Vive Le Tour!


One of my favourite quotes from the movie Anchorman is the following line from Ron Burgundy:

“I won't be able to make it fellas. Veronica and I are trying this new fad called uh, jogging. I believe it's jogging or yogging.  It might be a soft j. I'm not sure but apparently you just run for an extended period of time. It's supposed to be wild.”

Every time I read that I nearly fall off my chair laughing.  The point, of course, is that, in Ron Burgandy’s world, jogging sounds like a complete waste of time.

This is the attitude I’d always taken to the Tour De France. – that it’s a total waste of time.  It combined three of my least favourite things to watch on TV: cycling, the French, and Gabriel Gate.

I never got into Le Tour, nor did I ever intend to.  I didn’t understand the rules or the tactics, and I really couldn’t be bothered to find out.  That all changed in 2009.

Some good friends of mine, namely Jonathan, Bonnie, Doug, Carol and Todd decided to adopt me as a running project.  They were convinced that there was a runner inside of me just longing to be set free.

Well, never one to turn down a challenge (actually I turn them down more frequently than the Olsen Twins turn down food, but that’s beside the point), I decided to start running. 

Slowly but surely, I got better.  Now I’m at the point where I can run 14km relatively comfortably, which considering where my fitness levels were 10 months ago is nothing short of extraordinary.

Why am I talking about running when I’m meant to be talking about Le Tour?  Well, many of the friends who got me into running are also triathletes.  They love the idea of getting up at the crack of dawn and running, cycling and swimming for an extended period of time.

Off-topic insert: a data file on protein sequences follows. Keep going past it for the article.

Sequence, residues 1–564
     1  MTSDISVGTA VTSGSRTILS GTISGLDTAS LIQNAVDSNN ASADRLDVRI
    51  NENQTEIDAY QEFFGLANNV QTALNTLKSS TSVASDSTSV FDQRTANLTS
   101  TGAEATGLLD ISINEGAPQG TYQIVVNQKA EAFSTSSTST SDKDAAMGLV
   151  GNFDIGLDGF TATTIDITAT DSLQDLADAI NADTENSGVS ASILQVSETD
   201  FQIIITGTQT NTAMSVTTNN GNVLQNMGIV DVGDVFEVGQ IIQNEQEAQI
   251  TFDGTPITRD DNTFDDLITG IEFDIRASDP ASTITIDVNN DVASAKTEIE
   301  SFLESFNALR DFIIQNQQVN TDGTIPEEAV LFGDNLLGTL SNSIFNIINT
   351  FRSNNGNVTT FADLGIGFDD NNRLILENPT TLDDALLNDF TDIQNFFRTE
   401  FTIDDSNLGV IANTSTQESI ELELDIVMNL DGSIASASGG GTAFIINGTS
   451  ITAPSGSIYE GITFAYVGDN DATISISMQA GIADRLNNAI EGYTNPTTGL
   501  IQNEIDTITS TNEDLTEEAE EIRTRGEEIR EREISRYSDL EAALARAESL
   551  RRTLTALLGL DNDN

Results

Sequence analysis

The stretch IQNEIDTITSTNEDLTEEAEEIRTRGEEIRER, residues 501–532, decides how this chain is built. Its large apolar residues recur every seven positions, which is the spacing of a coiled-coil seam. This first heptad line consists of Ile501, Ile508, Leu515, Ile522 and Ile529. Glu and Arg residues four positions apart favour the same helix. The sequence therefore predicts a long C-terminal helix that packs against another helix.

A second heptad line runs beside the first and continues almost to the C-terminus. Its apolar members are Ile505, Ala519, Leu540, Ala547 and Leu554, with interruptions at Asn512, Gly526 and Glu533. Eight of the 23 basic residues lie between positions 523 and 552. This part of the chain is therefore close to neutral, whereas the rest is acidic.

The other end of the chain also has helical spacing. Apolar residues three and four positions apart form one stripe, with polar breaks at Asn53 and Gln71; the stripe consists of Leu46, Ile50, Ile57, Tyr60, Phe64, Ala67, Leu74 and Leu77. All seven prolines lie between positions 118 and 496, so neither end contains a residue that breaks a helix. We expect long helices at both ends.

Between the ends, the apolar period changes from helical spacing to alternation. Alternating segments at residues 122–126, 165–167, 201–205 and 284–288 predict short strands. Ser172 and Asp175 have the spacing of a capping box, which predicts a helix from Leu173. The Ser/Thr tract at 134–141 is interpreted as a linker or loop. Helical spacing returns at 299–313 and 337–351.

This also means that they all LOVE Le Tour.  For them, it represents the pinnacle of cycling.  So for three weeks a year, they stay up super late watching a bunch of skinny white blokes (that’s a whole other topic, where are the black Le Tour competitors???), cycle across France.

The night I embraced Le Tour was in mid 2009.  I was hanging out at my mate Todd’s place, and the Ashes were on. 

Now, for those of you who know me, watching the Ashes is almost a religious experience.  This is a sporting event I live for.  There are few things on the planet I enjoy more than smashing the living daylights out of the English cricket team.

The only problem was, that Le Tour was on that night too – the first mountain stage of the 2009 Tour.  And since Todd and his mates were avid Le Tour fans, this meant that the Ashes was only allowed to be watched in the ad breaks of the cycling.  To me, this was a form of cruel and unusual punishment that should have been outlawed by the Geneva Convention.

Well, watching Le Tour with a bunch of cycling fanatics who could not only explain the rules, techniques, main characters and tactics stirred something within me.  Suddenly, and totally improbably, I somehow... got into Le Tour.

I mean really into it.